Chatbots can be useful in many different contexts including research, teaching and learning, pastoral care and student support, professional services and operations, or libraries.
By reading this guide you will be able to:
- Identify potential use cases for chatbots
- Begin to have meaningful conversations about whether to adopt chatbots
There are two distinct ways to interpret the meaning behind user utterances (a written or spoken input), which results in two different categories of chatbots.
In one set of cases, a user will want to gain information from a chatbot, for example, by asking it questions.
To meet users’ needs, the chatbot will need to interpret the meaning of the question being asked so that it can select what information to give in response.
This is the underlying logic of how many domestic digital assistants work.
Imagine a user who wants to know how much time they need to hard-boil an egg. They may try to get this information by asking their digital assistant an appropriately phrased question:
"How long do hard-boiled eggs take?”
Aided by AI, the digital assistant’s role is to establish what information the user wants, and then to return the relevant information.
Here, the digital assistant takes the user’s utterance as an input and provides a response as an output.
In other cases, chatbots can be used to complete tasks that involve seeking information from a user.
In these cases, it tends to be the chatbots asking the questions, rather than the users.
Consider, this time, a domestic digital assistant, the functionalities of which include ordering shopping. In order to make appropriate purchases the digital assistant may need input from the user, which it could get by asking questions like:
“What meals are you planning to eat this week?”
“Have you used up all the onions you had ordered last week?”
By processing the user’s responses, the digital assistant should be able to establish which purchases to make.
There are other ways to categorise chatbots – for example, some chatbots are integrated with sources of data so that they can personalise responses, whereas others are not.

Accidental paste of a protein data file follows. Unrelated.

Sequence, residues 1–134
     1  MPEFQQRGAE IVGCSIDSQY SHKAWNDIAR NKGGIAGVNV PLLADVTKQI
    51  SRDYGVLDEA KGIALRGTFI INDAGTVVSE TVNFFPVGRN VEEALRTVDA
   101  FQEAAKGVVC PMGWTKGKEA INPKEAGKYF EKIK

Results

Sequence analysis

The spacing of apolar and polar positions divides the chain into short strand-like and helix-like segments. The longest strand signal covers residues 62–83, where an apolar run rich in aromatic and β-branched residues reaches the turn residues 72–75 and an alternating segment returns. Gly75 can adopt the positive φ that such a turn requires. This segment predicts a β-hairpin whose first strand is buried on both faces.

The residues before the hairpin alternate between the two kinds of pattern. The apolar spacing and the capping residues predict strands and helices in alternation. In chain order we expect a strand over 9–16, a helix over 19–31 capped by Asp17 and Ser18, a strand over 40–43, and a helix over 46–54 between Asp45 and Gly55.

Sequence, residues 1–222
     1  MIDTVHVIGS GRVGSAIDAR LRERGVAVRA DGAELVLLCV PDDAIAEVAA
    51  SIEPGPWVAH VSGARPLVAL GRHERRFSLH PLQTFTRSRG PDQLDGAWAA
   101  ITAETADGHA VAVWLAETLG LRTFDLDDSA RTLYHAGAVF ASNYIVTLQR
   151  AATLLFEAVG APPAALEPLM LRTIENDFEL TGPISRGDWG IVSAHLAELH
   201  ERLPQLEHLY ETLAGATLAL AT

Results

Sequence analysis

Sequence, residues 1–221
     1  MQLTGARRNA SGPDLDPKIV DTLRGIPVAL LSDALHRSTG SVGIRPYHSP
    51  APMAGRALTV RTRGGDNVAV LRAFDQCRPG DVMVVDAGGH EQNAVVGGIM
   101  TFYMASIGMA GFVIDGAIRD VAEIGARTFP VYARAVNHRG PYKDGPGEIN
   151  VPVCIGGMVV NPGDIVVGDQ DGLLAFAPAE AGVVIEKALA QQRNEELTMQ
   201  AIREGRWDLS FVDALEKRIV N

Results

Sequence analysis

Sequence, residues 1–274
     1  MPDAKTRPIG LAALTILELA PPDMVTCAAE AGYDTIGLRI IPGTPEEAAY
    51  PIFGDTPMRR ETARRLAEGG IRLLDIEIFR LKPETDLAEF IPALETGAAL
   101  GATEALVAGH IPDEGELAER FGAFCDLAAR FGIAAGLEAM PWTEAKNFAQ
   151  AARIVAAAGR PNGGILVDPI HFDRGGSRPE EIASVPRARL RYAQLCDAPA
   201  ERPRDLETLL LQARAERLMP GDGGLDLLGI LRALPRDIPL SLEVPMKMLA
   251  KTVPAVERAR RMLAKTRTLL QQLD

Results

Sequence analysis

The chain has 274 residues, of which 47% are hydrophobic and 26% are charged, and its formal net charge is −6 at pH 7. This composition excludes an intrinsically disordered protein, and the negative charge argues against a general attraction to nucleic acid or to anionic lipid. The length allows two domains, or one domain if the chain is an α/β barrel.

This categorisation is independent of whether a chatbot is information-based or task oriented. With a personalised and information-based chatbot, for example, a user might ask a question like:
“What lesson do I have next?”
and receive an answer in the form of:
“Your next lesson is Chemistry. It starts at 11am and is in room SC 12.”
To give this answer, the chatbot will have known:
- The identity of the student asking the question (the chatbot could have been accessed through a single sign on)
- The students’ timetable (the chatbot could have access to the information management system)
- The time of day (so that it can identify the next lesson)
With a similar information-based chatbot that is not personalised, the chatbot might give the response to the same question as:
“You can find out what your next lesson is by accessing your timetable, which is available here (link). Note, you will need to sign in to access your timetable.”
With this example, the chatbot does not need to know the identity of the student asking the question, nor does it need direct access to an information management system.
Teaching and Learning
For a maths course, there are numerous formulae that students need to use, however, they do not have to memorise them.
Rather than requiring students to read a lengthy formula sheet, the maths department develops a chatbot that allows students to ask, for instance:
“What is the formula for adding variances?”
and get the relevant formula in response.
The finance department has found that they continually receive similar queries about the expenses system.